Just throwing some thought on the subject, it is easy to me to understand that there is a big pump moving large amount of water from one pole to the opposite one along the year, that is during summer in north hemisphere the ice melts at Arctic and mix to the sea; at the same time water start precipitating more and more on the Antarctica, piling up as snow and ice. During the other six months the pump reverts, moving water from Antarctica to the Arctic.
In this hypothetical situation this pump will behave differently. The water will evaporate from the sea, and precipitate towards the poles. Those rain in midway to the pole would provide vegetation life, erosion, and all sort of things rain water does. That water falling in the north and south pole would have no reason, in principle, to melt and reinsert in the oceans.
If the rain started to fall mostly on high latitudes, possibly the region around equator would be more exposed and deserter, increasing the heat, evaporation, and the convection of the air at high speed. Possibly very intense winds blowing everything, moving quickly the clouds and vapor to higher latitudes, where the rain would fall. Anyway, the hotter atmosphere should increase the loss of the lighter gases to the space due to kinetic energy gain, decreasing the atmosphere pressure little by little while becoming hotter. In this loss there could be even some water vapor.
Then I think that in the long run the water would tend to move all the way to the poles draining drastically the remaining of the planet. If we think of an ocean as salty (3.5%) as ours, possibly there would be deposition of large layers of salt, most of it sodium chloride. I don't really know if there would be a "life zone" around some high latitude. Certainly tropic would have no meaning in this configuration.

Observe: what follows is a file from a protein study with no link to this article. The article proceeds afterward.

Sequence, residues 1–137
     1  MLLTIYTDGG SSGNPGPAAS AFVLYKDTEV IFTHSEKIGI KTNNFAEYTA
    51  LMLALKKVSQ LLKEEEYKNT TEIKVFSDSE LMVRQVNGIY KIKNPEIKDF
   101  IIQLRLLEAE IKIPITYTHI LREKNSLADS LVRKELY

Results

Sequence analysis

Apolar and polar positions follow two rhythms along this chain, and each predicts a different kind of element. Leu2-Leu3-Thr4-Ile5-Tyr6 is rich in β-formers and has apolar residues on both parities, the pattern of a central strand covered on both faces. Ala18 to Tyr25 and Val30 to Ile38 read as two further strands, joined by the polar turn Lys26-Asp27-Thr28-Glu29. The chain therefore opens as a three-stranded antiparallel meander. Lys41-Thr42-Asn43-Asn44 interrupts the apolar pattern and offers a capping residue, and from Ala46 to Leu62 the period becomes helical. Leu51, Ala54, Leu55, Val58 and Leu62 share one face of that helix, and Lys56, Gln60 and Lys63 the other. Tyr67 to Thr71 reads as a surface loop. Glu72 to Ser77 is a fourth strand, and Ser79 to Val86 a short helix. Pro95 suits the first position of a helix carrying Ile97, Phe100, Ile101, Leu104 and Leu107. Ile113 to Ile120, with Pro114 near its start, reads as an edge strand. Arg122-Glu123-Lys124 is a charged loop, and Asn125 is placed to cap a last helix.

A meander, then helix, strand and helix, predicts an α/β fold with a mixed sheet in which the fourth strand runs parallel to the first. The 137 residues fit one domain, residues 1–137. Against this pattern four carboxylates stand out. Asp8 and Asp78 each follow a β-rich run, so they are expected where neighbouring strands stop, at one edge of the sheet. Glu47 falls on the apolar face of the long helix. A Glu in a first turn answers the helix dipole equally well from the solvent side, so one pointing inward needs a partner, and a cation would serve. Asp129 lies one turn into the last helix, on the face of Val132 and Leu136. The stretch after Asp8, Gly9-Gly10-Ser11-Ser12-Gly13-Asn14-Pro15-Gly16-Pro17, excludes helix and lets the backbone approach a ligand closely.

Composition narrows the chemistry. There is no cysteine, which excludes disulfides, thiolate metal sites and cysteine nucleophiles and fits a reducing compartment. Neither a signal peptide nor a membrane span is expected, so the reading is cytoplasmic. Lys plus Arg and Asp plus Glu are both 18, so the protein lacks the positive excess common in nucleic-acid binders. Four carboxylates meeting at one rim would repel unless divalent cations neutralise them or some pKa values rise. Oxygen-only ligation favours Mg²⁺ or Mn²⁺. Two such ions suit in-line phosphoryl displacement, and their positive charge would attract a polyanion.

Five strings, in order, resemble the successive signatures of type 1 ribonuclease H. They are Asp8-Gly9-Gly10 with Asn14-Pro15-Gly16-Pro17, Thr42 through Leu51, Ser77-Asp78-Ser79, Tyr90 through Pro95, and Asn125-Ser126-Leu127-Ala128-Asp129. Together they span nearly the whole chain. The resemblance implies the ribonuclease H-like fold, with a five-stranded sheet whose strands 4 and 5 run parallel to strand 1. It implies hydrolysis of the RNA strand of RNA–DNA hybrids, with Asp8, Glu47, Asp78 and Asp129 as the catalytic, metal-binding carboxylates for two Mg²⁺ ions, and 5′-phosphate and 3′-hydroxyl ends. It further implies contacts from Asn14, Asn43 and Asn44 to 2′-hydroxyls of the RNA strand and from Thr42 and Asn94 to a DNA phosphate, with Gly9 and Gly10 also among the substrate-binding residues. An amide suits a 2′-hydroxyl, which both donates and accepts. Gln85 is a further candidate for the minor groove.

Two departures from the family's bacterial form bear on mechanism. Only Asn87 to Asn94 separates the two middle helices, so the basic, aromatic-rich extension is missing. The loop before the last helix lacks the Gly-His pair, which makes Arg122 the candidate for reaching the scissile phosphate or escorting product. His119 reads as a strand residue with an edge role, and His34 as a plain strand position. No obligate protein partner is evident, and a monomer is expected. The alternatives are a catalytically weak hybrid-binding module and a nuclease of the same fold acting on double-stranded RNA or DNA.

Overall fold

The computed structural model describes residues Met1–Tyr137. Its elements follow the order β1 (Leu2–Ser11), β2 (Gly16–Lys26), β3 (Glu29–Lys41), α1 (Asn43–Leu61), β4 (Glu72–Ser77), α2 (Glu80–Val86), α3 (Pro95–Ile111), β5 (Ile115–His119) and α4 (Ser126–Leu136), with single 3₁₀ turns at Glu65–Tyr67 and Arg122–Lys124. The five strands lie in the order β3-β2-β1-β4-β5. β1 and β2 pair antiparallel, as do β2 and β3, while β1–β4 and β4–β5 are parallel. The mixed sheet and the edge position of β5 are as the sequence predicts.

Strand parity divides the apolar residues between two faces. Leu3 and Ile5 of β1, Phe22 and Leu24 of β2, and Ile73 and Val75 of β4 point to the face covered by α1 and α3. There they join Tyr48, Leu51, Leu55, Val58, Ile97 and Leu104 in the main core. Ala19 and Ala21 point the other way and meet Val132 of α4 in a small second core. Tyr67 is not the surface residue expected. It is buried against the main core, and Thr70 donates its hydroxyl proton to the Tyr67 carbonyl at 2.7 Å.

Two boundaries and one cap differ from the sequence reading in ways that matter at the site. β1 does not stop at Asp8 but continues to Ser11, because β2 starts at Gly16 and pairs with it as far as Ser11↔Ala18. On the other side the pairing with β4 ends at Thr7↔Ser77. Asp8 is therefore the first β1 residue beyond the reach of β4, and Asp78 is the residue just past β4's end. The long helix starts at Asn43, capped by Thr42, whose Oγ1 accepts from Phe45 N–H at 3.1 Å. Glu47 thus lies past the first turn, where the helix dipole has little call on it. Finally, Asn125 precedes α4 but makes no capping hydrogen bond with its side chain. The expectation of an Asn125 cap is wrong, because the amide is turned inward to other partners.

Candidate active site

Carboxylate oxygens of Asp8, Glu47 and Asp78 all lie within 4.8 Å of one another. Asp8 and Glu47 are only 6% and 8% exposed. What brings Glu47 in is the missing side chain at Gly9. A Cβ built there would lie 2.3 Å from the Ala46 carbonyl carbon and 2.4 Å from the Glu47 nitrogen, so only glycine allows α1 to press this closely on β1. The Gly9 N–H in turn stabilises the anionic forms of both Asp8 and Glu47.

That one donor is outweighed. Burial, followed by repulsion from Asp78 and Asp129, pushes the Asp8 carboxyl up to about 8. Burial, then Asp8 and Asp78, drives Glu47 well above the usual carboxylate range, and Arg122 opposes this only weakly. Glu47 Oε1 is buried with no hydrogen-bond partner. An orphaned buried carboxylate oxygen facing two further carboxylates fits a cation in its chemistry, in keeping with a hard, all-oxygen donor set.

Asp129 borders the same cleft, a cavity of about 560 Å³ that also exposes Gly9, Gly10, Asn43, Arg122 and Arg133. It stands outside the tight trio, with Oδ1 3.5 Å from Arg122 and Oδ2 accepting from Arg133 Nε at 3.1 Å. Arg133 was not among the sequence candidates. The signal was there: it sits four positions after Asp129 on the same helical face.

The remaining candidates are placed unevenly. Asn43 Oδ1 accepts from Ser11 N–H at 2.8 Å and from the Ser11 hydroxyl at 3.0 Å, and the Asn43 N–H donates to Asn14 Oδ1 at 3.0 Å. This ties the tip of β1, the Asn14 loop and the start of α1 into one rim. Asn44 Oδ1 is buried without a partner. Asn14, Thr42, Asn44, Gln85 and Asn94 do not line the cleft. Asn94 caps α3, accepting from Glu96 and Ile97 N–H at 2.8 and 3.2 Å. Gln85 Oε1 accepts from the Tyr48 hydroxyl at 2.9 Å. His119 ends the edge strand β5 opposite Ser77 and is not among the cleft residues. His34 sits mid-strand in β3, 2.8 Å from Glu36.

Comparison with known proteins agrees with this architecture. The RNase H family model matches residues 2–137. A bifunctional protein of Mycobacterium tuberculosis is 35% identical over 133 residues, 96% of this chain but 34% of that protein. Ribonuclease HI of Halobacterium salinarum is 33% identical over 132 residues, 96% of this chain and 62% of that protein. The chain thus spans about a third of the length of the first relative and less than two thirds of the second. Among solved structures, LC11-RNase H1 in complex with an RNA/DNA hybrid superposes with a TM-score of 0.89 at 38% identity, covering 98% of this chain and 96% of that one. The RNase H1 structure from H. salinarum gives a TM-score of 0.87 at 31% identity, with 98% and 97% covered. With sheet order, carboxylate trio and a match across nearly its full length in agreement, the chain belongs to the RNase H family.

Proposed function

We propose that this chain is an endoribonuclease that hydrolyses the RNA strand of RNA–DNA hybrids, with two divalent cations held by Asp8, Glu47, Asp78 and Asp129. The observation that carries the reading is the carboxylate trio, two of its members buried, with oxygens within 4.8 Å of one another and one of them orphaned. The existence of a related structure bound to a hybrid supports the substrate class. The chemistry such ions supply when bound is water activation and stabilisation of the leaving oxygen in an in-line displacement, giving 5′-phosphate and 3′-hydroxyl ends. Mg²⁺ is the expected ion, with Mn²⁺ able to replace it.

That is the "big picture", but not all the story.
We have different wind flow in atmosphere and water flow in the oceans due to others factors. One of those being the tides that move water in waves half circumference of the planet. The main component being that from the moon, but we have other of smaller intensities like the solar influence. Other factors are the convection due difference temperatures and pressures, and Coriolis force making it go round in its trip across latitudes.
Another factor is that we have a non homogeneous distribution of mass on planet surface, the removal of large amount of water, moved to the poles, possibly would increase the amount of wobbling, then the precession ( https://en.wikipedia.org/wiki/Axial_precession) of the planet. Perhaps this wobbling would be responsible to a certain amount of melting at the poles, keeping the pumping working longer and, who knows, preserving some life in the planet.
A hotter atmosphere could increase the amount of clouds, if it covers all the planet we could have a very long freezing of the planet.
If we think on a dry planet with water moved to poles as ice, we could perhaps include sublimation of ice in the figure, adding the loss of water to space due to heating of the atmosphere. I don't think we would become a Mars, our gravity is about three times Mar's gravity.